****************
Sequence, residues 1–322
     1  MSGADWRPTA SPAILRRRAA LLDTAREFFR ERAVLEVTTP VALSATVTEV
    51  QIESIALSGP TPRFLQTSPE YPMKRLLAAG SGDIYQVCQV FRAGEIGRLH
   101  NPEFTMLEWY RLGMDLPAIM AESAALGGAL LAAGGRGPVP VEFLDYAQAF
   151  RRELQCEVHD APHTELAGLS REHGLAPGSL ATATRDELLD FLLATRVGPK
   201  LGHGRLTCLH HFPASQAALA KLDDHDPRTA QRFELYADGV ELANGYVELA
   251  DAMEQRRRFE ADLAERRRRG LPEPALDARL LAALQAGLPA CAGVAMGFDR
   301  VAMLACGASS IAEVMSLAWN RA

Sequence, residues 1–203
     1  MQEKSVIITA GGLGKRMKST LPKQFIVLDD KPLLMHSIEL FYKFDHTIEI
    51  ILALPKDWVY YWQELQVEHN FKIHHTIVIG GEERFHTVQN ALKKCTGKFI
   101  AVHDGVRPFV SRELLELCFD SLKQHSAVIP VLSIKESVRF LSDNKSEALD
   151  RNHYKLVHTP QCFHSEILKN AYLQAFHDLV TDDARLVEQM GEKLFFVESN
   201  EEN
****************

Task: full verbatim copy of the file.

Sequence, residues 1–322
     1  MSGADWRPTA SPAILRRRAA LLDTAREFFR ERAVLEVTTP VALSATVTEV
    51  QIESIALSGP TPRFLQTSPE YPMKRLLAAG SGDIYQVCQV FRAGEIGRLH
   101  NPEFTMLEWY RLGMDLPAIM AESAALGGAL LAAGGRGPVP VEFLDYAQAF
   151  RRELQCEVHD APHTELAGLS REHGLAPGSL ATATRDELLD FLLATRVGPK
   201  LGHGRLTCLH HFPASQAALA KLDDHDPRTA QRFELYADGV ELANGYVELA
   251  DAMEQRRRFE ADLAERRRRG LPEPALDARL LAALQAGLPA CAGVAMGFDR
   301  VAMLACGASS IAEVMSLAWN RA

Sequence, residues 1–203
     1  MQEKSVIITA GGLGKRMKST LPKQFIVLDD KPLLMHSIEL FYKFDHTIEI
    51  ILALPKDWVY YWQELQVEHN FKIHHTIVIG GEERFHTVQN ALKKCTGKFI
   101  AVHDGVRPFV SRELLELCFD SLKQHSAVIP VLSIKESVRF LSDNKSEALD
   151  RNHYKLVHTP QCFHSEILKN AYLQAFHDLV TDDARLVEQM GEKLFFVESN
   201  EEN